Wondering how you can tell when your RV water filter needs to be replaced? Here are a few signs:

  • Bad taste or smell – If your water takes on a dirty taste or smell, or it starts to taste and smell like contaminants usually removed by the filter, it’s time to buy a new filter.
  • A reduced flow rate – Most RV water filters cause water flow to drop slightly, but if your flow of water reduces to a trickle, a new filter is needed.
  • A change in the water’s appearance – Murky water or noticeable sediment in the water is the final sign that your RV water filter is no longer doing its job.

πŸ’‘ Don’t rely on these signs to replace your RV filters, though. You might still have clean-looking, fresh water even when bacteria are beginning to grow in the filter media. Always replace the filters at least as often as the manufacturer recommends.

πŸ“ Factors Affecting an RV Water Filter’s Lifespan

Some of the factors affecting the lifespan of an RV water filter are:

The Filter Type

The type of RV water filter is the biggest influential factor when it comes to filter lifespan. Some filters trap more contaminants than others, meaning the filters become clogged at a faster rate. Some use a different kind of filtering process that allows the filter to be used for longer before replacements are needed.

We’ve listed the most common types of RV water filters, and their lifespans, below.

The Filter Size/ Surface Area

The size and surface area of your RV water filter will also determine how long it lasts.

The larger the filter and the bigger its surface area, the more space there is for the media to trap contaminants. That means that, even when contaminants begin to build up in the filter media, there’s still plenty of space for water to pass through.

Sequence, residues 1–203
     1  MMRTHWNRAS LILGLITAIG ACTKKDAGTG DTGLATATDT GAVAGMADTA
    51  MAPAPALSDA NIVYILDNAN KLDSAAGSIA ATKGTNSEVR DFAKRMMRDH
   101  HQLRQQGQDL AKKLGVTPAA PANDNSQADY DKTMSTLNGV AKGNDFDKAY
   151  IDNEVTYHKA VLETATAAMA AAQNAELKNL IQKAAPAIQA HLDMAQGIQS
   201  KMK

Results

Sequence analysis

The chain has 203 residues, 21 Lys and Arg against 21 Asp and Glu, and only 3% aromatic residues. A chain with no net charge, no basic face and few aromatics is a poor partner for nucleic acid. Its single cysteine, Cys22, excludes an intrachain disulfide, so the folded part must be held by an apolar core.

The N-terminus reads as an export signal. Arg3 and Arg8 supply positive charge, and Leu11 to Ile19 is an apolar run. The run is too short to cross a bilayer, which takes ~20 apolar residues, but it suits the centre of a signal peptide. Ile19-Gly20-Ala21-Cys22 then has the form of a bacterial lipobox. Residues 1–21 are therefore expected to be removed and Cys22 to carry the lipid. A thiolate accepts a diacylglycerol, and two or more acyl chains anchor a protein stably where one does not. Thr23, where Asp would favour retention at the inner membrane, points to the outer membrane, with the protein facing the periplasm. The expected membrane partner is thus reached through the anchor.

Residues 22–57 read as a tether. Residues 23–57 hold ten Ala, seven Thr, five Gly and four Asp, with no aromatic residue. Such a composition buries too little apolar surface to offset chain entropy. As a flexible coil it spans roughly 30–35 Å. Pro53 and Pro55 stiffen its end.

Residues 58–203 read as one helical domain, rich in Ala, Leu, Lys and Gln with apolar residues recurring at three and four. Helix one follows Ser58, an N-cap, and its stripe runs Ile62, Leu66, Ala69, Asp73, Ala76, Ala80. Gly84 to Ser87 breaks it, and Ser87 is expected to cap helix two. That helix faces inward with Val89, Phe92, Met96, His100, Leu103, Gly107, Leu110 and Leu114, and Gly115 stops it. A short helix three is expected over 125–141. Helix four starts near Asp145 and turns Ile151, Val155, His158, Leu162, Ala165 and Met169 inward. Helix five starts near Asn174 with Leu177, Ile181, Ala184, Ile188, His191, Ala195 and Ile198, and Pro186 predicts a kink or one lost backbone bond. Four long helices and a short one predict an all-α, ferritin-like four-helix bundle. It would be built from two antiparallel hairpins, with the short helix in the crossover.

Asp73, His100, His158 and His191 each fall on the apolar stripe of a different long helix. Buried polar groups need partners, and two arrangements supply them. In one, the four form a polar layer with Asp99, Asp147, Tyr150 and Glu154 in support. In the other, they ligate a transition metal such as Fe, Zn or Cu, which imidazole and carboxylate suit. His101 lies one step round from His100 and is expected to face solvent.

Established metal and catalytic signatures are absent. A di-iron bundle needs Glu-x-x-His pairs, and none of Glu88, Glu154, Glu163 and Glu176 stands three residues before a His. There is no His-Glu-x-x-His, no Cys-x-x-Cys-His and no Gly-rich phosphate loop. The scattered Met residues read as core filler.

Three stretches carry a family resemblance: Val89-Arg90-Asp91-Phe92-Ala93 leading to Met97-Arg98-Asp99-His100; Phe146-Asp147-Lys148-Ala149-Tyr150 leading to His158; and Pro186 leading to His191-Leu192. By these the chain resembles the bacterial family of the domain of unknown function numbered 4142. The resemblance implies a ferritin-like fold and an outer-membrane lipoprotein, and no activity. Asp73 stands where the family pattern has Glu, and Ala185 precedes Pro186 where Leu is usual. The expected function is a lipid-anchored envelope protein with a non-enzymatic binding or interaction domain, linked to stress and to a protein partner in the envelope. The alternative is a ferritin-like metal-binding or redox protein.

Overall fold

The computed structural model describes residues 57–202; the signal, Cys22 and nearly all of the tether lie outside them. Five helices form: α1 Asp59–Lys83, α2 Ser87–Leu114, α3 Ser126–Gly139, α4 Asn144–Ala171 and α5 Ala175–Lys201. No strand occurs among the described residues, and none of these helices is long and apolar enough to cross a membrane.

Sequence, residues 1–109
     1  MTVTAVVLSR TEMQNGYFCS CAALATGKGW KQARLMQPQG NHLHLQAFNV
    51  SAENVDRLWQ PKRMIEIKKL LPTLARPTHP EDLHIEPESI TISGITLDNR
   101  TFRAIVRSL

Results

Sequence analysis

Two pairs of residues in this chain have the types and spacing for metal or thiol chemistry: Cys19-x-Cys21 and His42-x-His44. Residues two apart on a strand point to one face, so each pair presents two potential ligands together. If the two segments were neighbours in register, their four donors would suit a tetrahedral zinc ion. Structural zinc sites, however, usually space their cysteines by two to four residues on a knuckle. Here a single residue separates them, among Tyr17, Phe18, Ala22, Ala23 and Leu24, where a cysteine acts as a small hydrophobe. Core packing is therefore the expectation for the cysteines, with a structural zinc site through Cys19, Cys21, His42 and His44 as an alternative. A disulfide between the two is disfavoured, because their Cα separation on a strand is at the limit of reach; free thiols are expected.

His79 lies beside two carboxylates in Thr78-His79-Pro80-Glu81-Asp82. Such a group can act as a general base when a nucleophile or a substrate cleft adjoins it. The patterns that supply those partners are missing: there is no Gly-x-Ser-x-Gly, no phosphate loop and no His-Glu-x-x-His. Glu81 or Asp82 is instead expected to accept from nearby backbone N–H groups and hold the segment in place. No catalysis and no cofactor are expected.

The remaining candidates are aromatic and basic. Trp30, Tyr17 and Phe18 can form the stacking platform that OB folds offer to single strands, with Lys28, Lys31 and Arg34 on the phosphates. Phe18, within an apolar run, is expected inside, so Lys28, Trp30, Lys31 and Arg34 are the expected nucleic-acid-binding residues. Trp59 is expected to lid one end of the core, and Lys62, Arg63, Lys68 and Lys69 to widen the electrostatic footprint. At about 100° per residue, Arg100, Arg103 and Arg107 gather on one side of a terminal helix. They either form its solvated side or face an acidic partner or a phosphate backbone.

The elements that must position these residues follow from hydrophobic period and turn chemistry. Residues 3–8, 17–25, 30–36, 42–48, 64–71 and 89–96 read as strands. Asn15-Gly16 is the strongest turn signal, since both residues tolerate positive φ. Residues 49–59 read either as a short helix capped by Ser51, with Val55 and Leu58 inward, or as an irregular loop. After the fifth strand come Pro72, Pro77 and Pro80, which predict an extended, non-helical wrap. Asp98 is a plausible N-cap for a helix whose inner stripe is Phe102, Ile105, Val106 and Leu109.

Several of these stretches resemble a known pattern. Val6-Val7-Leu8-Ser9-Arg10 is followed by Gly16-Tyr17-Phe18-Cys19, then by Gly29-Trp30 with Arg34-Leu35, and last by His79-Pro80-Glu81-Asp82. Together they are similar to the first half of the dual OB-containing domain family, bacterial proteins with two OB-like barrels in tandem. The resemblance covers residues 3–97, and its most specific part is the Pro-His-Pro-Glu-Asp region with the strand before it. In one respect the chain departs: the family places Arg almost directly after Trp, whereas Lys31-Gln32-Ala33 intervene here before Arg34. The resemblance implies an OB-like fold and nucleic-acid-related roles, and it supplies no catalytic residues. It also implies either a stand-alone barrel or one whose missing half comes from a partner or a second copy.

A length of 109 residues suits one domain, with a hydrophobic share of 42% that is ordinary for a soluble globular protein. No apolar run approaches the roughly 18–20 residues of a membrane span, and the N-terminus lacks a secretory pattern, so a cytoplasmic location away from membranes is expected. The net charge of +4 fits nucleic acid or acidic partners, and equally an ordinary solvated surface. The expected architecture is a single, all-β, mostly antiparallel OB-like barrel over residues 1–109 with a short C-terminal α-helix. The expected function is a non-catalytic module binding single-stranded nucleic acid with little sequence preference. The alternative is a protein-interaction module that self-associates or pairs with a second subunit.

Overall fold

Small RV filters with small surface areas have less room in the media for contaminants to accumulate, which reduces the amount of water that can pass through and causes a dip in flow rate. As a result, the filter will need to be changed sooner.

Installing a waterdrop rv filter

Your Water Usage

The amount of water you use in your RV will affect the rate of clogging in the filter media – and therefore, how soon the filter will need to be changed.

The manufacturer will have worked out the filter lifespan in gallons, then estimated how many months this equates to based on average water use. If you use a higher-than-average volume of water every day, the filter might not last as long as advertised.

On the other end, if you don’t use much water at all, you might get slightly longer out of the filter before it becomes clogged.

Your Water Quality

Finally, your drinking water quality will also influence the rate of clogging in the filter, and how long the filter will last.

The poorer quality your water, and the more contaminants it contains, the faster the filters will clog. If your water is more contaminated than the manufacturer’s test water, you may need to replace the filter more frequently.

Opposingly, mildly-contaminated water will clog the filter media at a slower rate, and the filter will last longer.